As a part of my plan today I opened the Microsoft Word to pour out my heart onto it and I realize that the written word we trust in.
I remember buying my first autograph book, back when let alone selfies, but, even cameras weren’t readily available as today. It was one of those routine trips to the book-store that both my papa and I used to enjoy; I largely get my love for books from him. I’d wander around the book store taking in the smell of freshly inked paper and feeling the vibrant stories vaporize from the pages and blend into my skin. To this day every book-store I walk into still reminds me of the Paico at Kozhikode. That’s where he told me that I was a big girl now and that I could read the “grown-up” books; it was my initiation into the unabridged versions of Sherlock Homes and Jane Eyre when I was barely 8. And, that is also where I fell in love with stationary. Quite often than not, I saw my father hoard on stationary that he mostly only collected and never used. So,when I began hoarding stationary who better to understand than my papa. He’s the man who “spoilt me” with my first Parker pen, when at 9 or 10 I had just begun using a pen at school. So that’s probably were I get my love for the written word too.
When I came across an autograph book my father told me that people of his generation carried autograph books to get it signed by celebrities whenever they came across one. I was instantaneously intrigued and wanted one. I got a thick, leather-bound, maroon coloured rectangular book with pastel coloured pages in it. In my excitement, I couldn’t wait till I find a “celebrity” to start filling in the pages. So I got the book ‘inaugurated’ immediately by my hero, the one man who meant everything to me-my papa. I don’t remember what he wrote in it and I have hence lost the book; which I will forever regret. Inspite of a number of photographs I have with my papa, his written word will always remain special to me. His tiny, well-rounded letters, neatly stacked on a line, expressing whatever it is meant to, in brevity, is a vision I can never forget (He loved to take notes in uppercase, but in tiny font size).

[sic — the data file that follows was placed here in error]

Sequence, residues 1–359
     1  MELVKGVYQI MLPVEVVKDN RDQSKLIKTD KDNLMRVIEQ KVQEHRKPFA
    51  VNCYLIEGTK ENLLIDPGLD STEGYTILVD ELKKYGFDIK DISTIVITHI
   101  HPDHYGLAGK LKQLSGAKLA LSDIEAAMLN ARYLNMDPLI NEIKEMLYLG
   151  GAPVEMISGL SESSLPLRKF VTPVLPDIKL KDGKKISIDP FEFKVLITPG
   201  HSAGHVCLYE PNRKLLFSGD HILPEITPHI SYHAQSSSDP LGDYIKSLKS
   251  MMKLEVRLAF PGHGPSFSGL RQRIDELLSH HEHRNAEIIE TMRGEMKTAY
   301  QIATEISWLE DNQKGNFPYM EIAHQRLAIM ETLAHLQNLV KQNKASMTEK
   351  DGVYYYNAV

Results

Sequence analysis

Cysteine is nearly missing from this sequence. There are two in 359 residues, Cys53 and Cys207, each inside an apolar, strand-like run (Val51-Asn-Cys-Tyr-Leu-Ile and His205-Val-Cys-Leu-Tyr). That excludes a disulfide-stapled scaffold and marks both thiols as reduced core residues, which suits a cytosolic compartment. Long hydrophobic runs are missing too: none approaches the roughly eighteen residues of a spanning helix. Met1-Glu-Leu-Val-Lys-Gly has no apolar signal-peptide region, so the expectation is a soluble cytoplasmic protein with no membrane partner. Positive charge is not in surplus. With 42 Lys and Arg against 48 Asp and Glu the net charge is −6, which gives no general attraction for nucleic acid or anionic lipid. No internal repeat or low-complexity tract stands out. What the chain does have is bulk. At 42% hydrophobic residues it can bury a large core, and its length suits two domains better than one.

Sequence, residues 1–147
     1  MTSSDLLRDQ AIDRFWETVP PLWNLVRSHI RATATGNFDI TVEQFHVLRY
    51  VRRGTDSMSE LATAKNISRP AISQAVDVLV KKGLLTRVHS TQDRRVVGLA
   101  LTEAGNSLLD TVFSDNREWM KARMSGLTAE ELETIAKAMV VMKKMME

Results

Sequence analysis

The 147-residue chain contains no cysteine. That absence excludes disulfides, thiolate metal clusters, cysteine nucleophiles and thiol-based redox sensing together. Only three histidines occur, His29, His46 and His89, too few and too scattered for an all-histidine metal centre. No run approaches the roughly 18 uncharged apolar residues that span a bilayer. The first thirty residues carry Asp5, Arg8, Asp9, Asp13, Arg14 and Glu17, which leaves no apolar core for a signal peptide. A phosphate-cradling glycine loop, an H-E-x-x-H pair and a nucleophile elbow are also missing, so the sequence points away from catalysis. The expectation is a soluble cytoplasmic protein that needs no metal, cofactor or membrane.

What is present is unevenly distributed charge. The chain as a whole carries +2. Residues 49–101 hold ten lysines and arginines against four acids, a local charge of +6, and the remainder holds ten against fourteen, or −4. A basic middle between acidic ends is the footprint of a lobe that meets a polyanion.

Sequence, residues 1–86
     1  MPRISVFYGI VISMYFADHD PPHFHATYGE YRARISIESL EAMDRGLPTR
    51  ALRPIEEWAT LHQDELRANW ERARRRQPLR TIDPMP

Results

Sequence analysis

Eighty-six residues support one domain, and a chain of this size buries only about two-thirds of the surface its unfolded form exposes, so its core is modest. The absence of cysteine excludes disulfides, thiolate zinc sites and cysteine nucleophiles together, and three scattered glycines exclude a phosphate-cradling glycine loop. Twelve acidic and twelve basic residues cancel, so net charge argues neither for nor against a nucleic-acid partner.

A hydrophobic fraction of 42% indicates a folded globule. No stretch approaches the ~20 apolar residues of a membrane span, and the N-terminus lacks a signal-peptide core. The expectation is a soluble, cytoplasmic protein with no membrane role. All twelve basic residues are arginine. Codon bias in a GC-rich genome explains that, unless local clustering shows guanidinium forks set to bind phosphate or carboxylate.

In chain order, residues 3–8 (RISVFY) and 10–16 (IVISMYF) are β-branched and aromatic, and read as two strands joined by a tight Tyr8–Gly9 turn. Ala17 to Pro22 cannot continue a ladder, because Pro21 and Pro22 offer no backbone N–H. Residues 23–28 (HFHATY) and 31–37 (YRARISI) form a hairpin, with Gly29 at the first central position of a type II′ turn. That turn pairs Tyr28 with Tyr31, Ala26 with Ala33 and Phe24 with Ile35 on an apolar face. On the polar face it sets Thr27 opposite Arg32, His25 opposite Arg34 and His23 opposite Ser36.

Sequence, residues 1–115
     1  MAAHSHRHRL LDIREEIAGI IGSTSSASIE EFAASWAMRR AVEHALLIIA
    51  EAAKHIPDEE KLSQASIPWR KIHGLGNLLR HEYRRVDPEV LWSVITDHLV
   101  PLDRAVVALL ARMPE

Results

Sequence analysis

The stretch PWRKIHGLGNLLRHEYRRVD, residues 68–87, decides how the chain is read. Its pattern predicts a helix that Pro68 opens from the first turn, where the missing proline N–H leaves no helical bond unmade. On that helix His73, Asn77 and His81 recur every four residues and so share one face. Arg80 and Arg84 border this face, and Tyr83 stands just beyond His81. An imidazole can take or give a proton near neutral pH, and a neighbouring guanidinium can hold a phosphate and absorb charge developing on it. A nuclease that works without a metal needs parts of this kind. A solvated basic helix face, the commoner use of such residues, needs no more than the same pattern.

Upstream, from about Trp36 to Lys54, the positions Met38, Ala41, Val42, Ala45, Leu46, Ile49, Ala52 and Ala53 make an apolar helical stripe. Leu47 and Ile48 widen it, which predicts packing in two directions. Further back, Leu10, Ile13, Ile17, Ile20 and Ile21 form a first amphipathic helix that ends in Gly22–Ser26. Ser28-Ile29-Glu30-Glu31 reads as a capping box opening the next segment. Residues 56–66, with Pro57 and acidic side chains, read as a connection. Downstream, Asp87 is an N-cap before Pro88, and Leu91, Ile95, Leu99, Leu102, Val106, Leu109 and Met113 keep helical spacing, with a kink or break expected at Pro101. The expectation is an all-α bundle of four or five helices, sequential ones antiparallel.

Writing a word, a phrase or a sentence exclusively for someone, to me, is intimacy because I’m accountable for those words and I need to feel strongly to write those words. It’s a frozen moment of expressions that even pictures rarely express. I feel that when you write something for someone you leave a portion of your soul to them; for them to savour. And, because I’m old-school like that, when in love, I’ve always insisted for a love-letter, which my ex blatantly refused on grounds that he didn’t have a way with words. I guess it comes as no wonder that he’s an ex. That is why reading a book, printed out verses for the world to read, is still an intimate sort of conversation between the author and the reader. But, no matter what you write and for whom you write I believe what a reader relishes from your written word says more about them than about the writer. So, when I write to you I’m letting you set a tent somewhere in the density of my soul and it’s for you to decide what fruit you want to pick from the site. And, if you care enough to light my soul, look no further and write to me, because the written word etches its weight into the soul with a power like no other.